UNISA students aim high at a global mooting stage
As UNISA (University of South Africa) students, we are not deterred by the challenges of online learning. We are determined to excel and make our mark on the global stage. Haward Matladi, Lesego Moloto, and Lloyd Hlungwani (from right to left) are LLB students who have participated in two prestigious international moots this year.
The first one was the Children’s Rights Moot Court Competition 2023, co-hosted by Leiden University from the Netherlands and Baker McKenzie, a global law firm. The second one was the Alfred Deakin International Commercial Arbitration (ICA) Moot 2023, hosted by Deakin Law School from Australia.
The Children’s Rights Moot Court Competition 2023 was a virtual event that took place from February to June 2023. It brought together 36 student teams from 19 countries to compete on real, topical, and complex children’s rights matters. The
case for this year focused on safeguarding children’s rights amidst global warming and the responsibility of states to act against climate change. The UNISA team was one of the 16 teams that advanced to the oral rounds, out of more than 400
applicants from around the world. This information was confirmed by Ms. Angela Virgil, the Executive Director of Pro Bono Practice at Baker McKenzie.
The Alfred Deakin ICA Moot 2023 was another virtual event that took place from July to September 2023. It involved 42 student teams from Australia and overseas. Above from being ranked in the top 30 of the competition, the UNISA team was
honorary mentioned for writing and researching one of the best memorials and awarded a Duncan Certificate for the first time in the competition. Our oralists have also been ranked in the top 40 for presenting profound oral arguments out of 105
What it takes to be a global Mooter
Preparing for these moots was not easy, especially since we did not have any prior experience in mooting. It required a lot of hard work, dedication, and sleepless nights to acquire legal research, writing, and advocacy skills. We also had to adapt to the diplomatic nature of international law and the different legal systems and conventions that governed the cases.
We were fortunate to have the guidance and support of our coach, Emily Moshodi (a UNISA Alumni and winner of CALS 2022 Public Interest Moot), who constantly reminded us of our capabilities and helped us improve our performance.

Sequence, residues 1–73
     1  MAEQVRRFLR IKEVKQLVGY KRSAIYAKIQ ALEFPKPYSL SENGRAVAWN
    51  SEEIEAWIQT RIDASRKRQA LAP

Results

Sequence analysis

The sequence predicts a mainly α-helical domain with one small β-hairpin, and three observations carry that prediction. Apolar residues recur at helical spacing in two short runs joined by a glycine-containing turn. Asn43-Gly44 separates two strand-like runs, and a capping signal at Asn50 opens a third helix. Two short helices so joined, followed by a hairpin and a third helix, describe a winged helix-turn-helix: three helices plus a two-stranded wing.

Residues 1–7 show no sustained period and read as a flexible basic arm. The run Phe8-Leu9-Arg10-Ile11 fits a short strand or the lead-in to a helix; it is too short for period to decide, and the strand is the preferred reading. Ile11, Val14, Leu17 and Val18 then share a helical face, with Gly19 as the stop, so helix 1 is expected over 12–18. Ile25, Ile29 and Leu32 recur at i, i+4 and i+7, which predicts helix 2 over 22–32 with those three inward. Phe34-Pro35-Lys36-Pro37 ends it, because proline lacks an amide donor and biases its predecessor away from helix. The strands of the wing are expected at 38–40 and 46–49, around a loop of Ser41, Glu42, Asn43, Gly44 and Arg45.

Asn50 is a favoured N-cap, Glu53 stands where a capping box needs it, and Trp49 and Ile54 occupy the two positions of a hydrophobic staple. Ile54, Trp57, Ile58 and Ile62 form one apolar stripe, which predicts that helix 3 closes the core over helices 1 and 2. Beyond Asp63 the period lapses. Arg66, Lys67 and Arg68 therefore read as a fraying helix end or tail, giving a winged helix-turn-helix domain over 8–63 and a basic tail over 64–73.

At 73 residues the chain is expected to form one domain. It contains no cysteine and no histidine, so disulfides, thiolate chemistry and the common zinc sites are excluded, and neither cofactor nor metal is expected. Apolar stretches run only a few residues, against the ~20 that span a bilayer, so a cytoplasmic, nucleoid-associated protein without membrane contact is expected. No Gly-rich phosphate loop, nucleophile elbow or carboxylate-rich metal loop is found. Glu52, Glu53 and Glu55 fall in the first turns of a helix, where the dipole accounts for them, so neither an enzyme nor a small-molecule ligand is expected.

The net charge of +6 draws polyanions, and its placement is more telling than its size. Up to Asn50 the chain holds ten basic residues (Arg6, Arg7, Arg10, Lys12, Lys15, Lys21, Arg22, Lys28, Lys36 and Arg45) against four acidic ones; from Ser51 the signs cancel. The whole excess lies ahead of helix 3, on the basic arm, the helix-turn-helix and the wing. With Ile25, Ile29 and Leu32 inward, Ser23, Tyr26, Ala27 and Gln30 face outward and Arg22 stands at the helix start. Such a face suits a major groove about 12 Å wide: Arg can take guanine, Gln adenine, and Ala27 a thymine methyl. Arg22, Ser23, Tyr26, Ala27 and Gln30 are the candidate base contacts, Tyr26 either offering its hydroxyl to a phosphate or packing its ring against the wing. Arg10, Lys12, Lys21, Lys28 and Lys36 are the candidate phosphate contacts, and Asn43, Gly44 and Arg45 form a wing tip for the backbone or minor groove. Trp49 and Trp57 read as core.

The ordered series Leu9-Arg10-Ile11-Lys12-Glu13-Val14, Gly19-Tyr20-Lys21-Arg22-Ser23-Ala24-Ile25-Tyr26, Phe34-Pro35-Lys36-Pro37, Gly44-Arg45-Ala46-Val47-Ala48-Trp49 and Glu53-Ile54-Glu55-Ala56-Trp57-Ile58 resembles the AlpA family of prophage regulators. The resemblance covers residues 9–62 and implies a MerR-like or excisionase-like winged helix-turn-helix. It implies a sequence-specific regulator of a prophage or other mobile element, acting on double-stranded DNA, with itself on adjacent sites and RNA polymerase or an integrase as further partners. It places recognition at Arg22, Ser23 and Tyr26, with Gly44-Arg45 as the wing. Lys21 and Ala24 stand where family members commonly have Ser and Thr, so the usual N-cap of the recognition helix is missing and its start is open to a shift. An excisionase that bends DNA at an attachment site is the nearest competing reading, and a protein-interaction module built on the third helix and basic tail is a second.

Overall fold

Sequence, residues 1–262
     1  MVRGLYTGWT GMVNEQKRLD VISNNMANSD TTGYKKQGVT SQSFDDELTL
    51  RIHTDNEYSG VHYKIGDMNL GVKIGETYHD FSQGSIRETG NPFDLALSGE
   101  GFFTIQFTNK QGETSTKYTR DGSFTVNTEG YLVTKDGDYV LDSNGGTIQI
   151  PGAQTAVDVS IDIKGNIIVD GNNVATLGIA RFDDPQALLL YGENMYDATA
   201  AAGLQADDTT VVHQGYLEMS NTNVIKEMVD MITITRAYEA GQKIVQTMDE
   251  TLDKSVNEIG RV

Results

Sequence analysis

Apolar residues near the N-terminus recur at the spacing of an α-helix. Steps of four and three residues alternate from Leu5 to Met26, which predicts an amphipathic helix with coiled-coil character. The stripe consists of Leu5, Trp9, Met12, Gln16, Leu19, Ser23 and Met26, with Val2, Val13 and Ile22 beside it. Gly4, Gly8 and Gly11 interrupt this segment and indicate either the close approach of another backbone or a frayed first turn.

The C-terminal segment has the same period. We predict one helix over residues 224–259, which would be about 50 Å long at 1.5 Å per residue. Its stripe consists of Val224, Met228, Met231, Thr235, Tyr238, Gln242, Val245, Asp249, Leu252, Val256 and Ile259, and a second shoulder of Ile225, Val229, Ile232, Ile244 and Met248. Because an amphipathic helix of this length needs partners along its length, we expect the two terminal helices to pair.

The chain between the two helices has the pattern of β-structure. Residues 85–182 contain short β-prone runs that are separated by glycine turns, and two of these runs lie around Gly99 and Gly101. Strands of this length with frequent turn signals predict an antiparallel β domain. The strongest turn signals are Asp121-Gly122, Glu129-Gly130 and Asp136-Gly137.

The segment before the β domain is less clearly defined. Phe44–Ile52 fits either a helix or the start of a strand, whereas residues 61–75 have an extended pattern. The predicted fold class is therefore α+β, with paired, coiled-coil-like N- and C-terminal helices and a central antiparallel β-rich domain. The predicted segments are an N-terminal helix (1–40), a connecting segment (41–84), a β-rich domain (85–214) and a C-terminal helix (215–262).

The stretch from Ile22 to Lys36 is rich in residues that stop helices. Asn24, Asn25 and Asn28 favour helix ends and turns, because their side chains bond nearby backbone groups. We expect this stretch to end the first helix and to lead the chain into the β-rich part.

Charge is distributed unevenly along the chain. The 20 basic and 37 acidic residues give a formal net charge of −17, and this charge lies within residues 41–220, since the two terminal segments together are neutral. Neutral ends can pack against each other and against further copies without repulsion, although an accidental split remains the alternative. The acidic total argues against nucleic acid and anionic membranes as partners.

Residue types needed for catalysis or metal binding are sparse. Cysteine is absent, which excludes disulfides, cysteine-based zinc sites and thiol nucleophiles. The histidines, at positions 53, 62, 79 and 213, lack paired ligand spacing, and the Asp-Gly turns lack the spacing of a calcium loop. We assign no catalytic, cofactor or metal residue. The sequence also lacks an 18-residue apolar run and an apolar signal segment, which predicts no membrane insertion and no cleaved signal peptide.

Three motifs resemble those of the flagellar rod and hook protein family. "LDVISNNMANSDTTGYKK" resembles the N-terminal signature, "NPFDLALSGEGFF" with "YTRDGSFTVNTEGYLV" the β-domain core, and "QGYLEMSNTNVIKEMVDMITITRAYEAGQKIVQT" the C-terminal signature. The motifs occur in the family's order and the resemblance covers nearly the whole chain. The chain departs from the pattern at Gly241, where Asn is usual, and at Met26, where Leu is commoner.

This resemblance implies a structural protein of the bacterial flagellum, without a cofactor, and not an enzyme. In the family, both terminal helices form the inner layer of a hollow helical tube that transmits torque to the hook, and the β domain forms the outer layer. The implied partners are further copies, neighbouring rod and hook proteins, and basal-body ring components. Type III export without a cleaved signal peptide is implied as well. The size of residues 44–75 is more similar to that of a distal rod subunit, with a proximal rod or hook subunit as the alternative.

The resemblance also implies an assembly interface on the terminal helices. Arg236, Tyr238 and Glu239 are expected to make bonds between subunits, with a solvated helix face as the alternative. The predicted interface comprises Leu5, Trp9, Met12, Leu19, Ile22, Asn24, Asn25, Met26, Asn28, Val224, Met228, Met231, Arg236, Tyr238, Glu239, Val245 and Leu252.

Participating in these moots was an enriching experience for us. We learned a lot about international law and arbitration, as well as the importance of championing children’s rights in the face of climate change. The main themes that we researched,
wrote, and advocated include international trade law, contract law, and jurisdiction regarding arbitration.
The relation between South African law and International law: The team was quite aware of the differences between domestic and international law, despite not having yet taken part in a moot competition in a South African setting. Even when the proceedings were the same, the mood was different. In both the Backer McKenzie Moot and the Alfred Deakin Moot, we had to adjust to the diplomatic nature of international law.
This was clear during oral proceedings because both our language of advocacy and the attitudes of fellow counsels had a clear diplomatic face with an air of indulgence. Whereas advocacy is stronger and more authoritative in South African legal proceedings.
Both moots were subject to the laws and regulations outlined in United Nations Conventions like the UN CRC, UNHRC, UNCITRAL Model Law, and CISG. Our comparative analysis is that the Constitution and domestic legislation are the governing laws, according to South African legal precedent, and the conventions and laws from other countries are thought to have a strong precedent in International law.
The challenges and intricacies of participating in moot court competitions
We faced challenges that international law practitioners faced frequently. One was that countries are permitted to reserve certain policies, either in whole or in part. This meant that we had to come up with creative legal means to hold such countries to account as far as our cases were concerned.
The second challenge was that not all international policies are legally binding to member states. Again, these challenges were a reminder of international law’s identity of diplomacy, that countries are not obliged to uphold all policies and international agreements. The same cannot be said about domestic legislation in one country, particularly in South Africa.
The rewards at the end of mooting
Mooting was beneficial to us. We learned about alternative dispute resolutions, international commercial law, and the human rights of children. We have also equipped ourselves with professional character-building skills which include among others, preparation, integrity, teamwork, discipline, time management, and court etiquette.
The most intriguing aspect of mooting is that the problem questions always focus on the most complex legal issues related to current social issues that raise legal questions, developing future legal practitioners who are creative, critical thinkers, and problem solvers.
Therefore, since participating in moot court competitions would be very beneficial for students, we strongly encourage more students to do so. The rewards are incredible, but it takes a lot of effort and commitment. We had the opportunity to interact with experienced legal professionals and fellow students from different countries and cultures.
We are proud to represent UNISA and South Africa on these global platforms, and we hope to inspire more students to take up mooting as a way of enhancing their legal education and career prospects. As a result, we are eager to keep taking part in more moots to better hone and solidify the skills we have learned.
Authors: Haward Matladi, Lesego Moloto & Lloyd Hlungwani
Edited by: Emily Moshodi